Stat 202: Lecture 18/19 (covers pp. 192-211)

Nathan VanHoudnos
11/7/2014

Agenda

  1. Homework comments
  2. Lecture 18/19 (covers pp. 192-211)

Homework #5 Comments

plot of chunk unnamed-chunk-1

mean(hw5/165)
[1] 0.7391053
median(hw5/165)
[1] 0.8484848

One of the harder homeworks.

Homework #5 comments

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Students did much better than on the test!

I have posted solutions, as promised.

(Place holder for postponed question.)

Homework #5 comments

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Here the most points were lost on Question 5.

  • Many people missed the final question:

What is the probability that the true value of 50 is in a 95% confidence interval? (10 pts)

A perfect answer

If we’re looking at a specific 95% confidence interval, the probability that the true value of 50 g is in there is either 0% or 100%.

If we’re talking about 95% confidence intervals as a whole, we know that 95% of the time they contain the true population mean. If we drew a 95% confidence interval from a hat that contained 100 95% confidence intervals, 95% of the time we will draw a mean-containing interval.

However, the probability that the mean is in the specific 95% confidence interval, due to the mean being a non-random value, is either 0% or 100%.

A common misconception

A student wrote this:

The probability that the true value of [the] mean is in a 95% confidence interval is 95% or 0.95.

Although the way the question was asked makes this response tempting, it is still wrong.

This question is a lot like the Obama question from Homework 2.

If I tempt you to say something false it is your duty to hold the line.

You will see this again!

Agenda

  1. Homework comments
  2. Lecture 18/19 (covers pp. 192-211)

Hypothesis testing overview

  1. If \( H_0 \) is true, then over many experiments

    • 95% of 95% CIs will contain the value assumed by \( H_0 \), and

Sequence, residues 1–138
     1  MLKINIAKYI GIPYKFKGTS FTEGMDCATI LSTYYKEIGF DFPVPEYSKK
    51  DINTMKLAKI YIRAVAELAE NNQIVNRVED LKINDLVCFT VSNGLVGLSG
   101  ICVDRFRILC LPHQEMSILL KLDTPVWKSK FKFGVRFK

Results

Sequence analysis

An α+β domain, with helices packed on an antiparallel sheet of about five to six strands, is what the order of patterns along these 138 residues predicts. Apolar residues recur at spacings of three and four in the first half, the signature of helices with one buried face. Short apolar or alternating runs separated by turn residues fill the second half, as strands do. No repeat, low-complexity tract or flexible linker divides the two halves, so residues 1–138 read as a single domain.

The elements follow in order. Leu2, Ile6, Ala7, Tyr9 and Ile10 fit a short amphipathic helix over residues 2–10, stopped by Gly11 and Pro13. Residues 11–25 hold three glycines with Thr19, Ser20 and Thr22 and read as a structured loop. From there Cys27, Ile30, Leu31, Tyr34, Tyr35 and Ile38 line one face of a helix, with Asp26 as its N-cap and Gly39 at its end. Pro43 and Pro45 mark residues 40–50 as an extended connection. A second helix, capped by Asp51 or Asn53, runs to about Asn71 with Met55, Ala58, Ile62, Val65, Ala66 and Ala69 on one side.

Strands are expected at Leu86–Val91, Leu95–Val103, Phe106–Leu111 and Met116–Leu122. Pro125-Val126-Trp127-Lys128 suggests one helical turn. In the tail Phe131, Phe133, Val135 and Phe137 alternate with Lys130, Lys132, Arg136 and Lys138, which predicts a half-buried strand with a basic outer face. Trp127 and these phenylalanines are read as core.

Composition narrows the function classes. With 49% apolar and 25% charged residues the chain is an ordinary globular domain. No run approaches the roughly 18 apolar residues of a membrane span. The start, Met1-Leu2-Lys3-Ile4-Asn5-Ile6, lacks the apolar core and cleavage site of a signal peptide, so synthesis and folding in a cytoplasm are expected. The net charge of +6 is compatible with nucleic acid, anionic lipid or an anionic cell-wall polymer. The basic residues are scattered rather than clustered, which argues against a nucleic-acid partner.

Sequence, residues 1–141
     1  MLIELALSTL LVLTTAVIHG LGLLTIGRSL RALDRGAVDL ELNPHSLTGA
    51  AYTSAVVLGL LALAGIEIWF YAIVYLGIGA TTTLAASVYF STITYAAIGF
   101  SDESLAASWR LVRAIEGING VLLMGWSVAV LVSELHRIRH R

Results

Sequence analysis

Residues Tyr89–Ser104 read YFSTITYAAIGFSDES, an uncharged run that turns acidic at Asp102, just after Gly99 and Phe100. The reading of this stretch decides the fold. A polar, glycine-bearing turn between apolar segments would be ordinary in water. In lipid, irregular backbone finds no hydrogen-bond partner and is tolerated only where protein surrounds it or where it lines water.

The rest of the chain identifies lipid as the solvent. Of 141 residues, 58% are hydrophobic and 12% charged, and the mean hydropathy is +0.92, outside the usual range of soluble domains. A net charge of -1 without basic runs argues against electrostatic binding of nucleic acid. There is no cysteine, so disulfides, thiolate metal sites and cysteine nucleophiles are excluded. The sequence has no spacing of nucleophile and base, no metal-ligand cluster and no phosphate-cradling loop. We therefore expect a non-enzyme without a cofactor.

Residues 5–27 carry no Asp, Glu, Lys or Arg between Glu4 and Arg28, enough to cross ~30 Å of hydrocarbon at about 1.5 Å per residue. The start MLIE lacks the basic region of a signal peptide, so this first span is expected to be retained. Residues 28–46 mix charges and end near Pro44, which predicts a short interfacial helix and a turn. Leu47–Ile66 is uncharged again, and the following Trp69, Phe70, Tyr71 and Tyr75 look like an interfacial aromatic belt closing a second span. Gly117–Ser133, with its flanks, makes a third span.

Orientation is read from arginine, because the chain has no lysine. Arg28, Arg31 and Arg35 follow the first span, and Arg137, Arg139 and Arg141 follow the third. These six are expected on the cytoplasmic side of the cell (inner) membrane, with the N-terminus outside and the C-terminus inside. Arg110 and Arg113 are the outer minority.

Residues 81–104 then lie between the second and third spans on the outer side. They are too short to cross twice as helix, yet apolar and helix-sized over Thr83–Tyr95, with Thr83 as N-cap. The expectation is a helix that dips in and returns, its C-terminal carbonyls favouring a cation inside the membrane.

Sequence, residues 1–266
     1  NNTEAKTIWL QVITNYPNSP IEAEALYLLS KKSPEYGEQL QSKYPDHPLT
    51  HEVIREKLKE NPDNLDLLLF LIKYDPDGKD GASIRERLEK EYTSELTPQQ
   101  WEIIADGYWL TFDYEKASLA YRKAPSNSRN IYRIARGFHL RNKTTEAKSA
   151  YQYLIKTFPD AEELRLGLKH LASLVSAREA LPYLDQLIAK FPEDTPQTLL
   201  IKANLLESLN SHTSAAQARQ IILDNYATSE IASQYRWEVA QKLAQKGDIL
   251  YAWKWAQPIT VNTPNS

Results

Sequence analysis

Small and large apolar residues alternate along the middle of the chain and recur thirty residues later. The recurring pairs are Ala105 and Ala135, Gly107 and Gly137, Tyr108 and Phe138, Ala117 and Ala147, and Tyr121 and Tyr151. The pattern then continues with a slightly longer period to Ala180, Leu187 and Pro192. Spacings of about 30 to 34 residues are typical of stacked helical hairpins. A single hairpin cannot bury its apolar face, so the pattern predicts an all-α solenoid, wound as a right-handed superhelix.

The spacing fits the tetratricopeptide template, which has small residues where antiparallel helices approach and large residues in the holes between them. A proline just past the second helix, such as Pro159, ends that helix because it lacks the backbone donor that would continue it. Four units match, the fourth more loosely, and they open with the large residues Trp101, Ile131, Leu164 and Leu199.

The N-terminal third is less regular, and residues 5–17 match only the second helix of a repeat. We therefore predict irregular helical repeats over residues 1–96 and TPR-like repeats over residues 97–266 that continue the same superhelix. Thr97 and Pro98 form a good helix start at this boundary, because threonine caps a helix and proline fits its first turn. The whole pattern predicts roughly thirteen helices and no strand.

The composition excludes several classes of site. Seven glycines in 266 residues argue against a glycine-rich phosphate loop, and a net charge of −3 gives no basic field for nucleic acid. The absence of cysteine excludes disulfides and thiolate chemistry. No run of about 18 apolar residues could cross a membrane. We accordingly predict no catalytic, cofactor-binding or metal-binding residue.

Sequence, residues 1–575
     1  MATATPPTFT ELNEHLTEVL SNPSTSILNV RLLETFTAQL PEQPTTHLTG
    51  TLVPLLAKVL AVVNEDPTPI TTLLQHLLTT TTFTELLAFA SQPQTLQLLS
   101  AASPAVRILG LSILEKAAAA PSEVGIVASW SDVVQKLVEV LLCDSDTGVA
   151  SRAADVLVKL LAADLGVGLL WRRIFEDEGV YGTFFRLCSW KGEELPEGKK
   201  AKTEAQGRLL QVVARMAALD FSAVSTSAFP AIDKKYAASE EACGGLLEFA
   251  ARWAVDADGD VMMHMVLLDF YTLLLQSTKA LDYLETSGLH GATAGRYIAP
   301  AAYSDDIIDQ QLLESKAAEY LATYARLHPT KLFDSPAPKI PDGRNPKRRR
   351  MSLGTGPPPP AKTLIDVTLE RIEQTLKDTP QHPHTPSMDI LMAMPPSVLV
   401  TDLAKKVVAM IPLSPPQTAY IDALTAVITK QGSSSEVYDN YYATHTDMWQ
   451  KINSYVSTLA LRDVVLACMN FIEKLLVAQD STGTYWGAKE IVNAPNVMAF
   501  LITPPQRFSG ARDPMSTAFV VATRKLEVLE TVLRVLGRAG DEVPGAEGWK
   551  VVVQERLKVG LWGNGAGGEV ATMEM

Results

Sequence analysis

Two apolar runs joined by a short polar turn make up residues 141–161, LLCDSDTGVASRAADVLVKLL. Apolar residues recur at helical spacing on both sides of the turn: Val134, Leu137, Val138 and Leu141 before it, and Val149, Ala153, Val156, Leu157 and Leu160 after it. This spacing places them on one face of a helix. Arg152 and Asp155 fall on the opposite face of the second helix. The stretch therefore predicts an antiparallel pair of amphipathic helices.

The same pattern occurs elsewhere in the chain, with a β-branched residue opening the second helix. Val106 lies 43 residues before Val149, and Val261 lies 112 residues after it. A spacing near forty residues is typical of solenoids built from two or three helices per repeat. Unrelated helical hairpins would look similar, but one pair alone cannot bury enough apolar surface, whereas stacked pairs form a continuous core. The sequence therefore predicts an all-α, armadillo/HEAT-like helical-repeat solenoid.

• 5% of 95% CIs will not contain it.
  2. Use this to our advantage:

    • retain \( H_0 \) if the CI contains the \( H_0 \) value, and
    • reject \( H_0 \) when it does not.
  3. Therefore, for a 95% CI when \( H_0 \) is true:

    • 95% of experiments will correctly retain \( H_0 \)
    • 5% of experiments will incorrectly reject \( H_0 \).

The mistakes we can make

We must either Retain \( H_0 \) or Reject \( H_0 \).

             Retain H0   |  Reject H0
==========|==============|===============
          |              |  
==========|==============|===============
          |              |
==========|==============|===============

The mistakes we can make

We must either Retain \( H_0 \) or Reject \( H_0 \).

If \( H_0 \) is true, then

             Retain H0   |  Reject H0
==========|==============|===============
H0 true   |   Good!      |  MISTAKE!
==========|==============|===============
          |              |
==========|==============|===============

The mistakes we can make

We must either Retain \( H_0 \) or Reject \( H_0 \).

If \( H_0 \) is false, then

             Retain H0   |  Reject H0
==========|==============|===============
H0 true   |   Good!      |  MISTAKE!
==========|==============|===============
H0 false  |   MISTAKE!   |  Good! 
==========|==============|===============

The mistakes we can make

We must either Retain \( H_0 \) or Reject \( H_0 \).

The two mistakes have special names:

             Retain H0    |  Reject H0
==========|===============|===============
H0 true   |  Good!        |  Type I error
==========|===============|===============
H0 false  | Type II error |  Good! 
==========|===============|===============

Note: Everything thus far has focused on \( H_0 \) being true. We will get to Type II error in detail later.

Everyone makes mistakes, so why can't you?